A worker uses a pneumatic jackhammer to drill rock at the foundation for the World Trade Center's transportation hub, Nov. 10, 2011 in New York.
Mark Lennihan—AP
By Dan Kedmey
December 20, 2014

New York City is considering a clampdown on one of its most enduring public nuisances, the jackhammer, by requiring construction crews to switch to a quieter, electric model.

The quieter models can shave roughly 10 decibels off of the noise level, cutting it in half, the New York Times reports. Manufacturers of electric jackhammers say their models, which have been on the market since at least 2011, can break through concrete as effectively as any pneumatic jackhammer, which runs on an ear-shattering technology that dates back to the 1800s.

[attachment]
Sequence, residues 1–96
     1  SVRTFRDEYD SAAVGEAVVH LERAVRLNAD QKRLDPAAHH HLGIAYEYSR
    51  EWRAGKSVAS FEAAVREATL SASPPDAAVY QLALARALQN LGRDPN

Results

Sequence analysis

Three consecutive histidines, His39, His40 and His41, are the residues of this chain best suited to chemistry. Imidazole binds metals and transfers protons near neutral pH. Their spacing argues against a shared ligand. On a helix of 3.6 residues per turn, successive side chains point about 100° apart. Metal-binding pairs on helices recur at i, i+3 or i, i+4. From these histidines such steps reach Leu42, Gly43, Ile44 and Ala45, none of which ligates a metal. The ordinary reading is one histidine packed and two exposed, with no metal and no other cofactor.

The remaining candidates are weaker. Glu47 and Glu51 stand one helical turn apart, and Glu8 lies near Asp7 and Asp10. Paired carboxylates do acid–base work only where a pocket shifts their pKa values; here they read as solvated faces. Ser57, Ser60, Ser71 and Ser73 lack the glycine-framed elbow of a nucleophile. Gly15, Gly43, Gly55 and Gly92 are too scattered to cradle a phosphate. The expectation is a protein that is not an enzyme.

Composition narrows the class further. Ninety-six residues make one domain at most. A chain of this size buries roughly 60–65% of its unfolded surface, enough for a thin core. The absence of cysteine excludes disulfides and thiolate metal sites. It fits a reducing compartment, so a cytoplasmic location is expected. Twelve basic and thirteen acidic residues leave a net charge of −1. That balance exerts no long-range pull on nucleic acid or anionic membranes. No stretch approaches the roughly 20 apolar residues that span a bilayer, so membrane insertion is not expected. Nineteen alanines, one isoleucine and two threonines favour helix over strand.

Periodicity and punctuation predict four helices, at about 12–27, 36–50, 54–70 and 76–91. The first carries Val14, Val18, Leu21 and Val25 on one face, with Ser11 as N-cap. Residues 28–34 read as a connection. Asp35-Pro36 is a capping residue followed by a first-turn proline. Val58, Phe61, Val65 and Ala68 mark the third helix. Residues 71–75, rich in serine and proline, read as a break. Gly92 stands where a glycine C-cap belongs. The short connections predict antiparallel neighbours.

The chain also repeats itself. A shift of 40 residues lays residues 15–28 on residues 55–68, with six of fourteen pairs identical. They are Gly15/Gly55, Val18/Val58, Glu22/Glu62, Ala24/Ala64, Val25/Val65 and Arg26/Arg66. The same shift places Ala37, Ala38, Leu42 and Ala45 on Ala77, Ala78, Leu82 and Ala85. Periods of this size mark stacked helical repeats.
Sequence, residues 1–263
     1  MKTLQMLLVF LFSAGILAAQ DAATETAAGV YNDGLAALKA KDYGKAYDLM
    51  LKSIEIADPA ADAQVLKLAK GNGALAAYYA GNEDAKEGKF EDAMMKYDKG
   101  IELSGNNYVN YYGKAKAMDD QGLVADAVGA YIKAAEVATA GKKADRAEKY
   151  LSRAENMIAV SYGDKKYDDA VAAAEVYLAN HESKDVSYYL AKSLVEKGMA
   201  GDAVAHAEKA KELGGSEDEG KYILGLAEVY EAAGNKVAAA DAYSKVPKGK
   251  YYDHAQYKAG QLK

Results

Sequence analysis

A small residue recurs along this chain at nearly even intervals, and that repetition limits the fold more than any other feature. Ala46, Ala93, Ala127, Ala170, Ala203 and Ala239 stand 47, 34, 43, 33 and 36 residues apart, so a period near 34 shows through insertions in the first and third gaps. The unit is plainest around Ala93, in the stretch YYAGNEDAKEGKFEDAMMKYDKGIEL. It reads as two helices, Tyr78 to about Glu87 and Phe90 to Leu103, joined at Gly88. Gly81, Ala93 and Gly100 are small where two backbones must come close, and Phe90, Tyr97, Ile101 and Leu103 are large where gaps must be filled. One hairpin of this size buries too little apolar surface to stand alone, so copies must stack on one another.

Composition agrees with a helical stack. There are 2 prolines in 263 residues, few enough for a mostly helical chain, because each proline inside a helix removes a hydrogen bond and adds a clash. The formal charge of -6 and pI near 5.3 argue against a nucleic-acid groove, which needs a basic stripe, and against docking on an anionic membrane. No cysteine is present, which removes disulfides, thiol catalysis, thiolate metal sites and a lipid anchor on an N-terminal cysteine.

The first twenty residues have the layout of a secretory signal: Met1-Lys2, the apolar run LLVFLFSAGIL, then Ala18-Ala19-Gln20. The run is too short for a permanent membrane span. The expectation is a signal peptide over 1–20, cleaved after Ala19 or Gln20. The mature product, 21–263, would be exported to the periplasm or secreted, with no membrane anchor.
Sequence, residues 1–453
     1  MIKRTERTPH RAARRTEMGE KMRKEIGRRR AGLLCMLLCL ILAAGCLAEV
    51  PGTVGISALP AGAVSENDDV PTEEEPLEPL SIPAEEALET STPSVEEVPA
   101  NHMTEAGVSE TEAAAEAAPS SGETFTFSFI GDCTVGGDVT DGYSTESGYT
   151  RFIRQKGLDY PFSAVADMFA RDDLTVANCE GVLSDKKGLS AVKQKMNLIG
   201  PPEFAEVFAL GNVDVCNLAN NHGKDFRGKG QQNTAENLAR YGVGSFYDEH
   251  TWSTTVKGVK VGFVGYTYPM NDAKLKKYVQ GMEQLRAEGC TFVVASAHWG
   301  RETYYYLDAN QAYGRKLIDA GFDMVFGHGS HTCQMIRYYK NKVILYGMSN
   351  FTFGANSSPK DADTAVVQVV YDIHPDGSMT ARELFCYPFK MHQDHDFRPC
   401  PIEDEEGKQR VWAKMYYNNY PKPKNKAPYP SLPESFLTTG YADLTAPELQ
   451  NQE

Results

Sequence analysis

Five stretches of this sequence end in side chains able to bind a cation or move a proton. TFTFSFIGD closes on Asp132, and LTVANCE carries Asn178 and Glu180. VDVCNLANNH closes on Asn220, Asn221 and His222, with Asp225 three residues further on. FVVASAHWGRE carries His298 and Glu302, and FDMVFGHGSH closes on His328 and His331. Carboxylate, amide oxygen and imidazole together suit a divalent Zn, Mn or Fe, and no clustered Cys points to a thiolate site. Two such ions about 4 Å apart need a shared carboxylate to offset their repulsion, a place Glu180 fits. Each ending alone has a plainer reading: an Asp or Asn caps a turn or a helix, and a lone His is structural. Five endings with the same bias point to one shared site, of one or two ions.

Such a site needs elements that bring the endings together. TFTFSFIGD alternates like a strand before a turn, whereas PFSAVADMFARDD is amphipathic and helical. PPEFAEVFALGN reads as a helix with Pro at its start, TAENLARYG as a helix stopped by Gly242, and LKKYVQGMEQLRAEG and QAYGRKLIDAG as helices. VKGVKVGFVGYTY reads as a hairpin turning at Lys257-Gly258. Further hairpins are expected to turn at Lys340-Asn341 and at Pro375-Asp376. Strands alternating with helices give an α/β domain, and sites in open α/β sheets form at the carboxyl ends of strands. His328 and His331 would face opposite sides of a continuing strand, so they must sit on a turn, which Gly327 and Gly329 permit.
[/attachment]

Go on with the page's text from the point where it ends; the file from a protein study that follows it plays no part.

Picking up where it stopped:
A spokesperson for the General Contractors Association disputed those claims, telling the New York Times that the models could slow down heavy construction work and increase costs for developers.

Read more at the New York Times.

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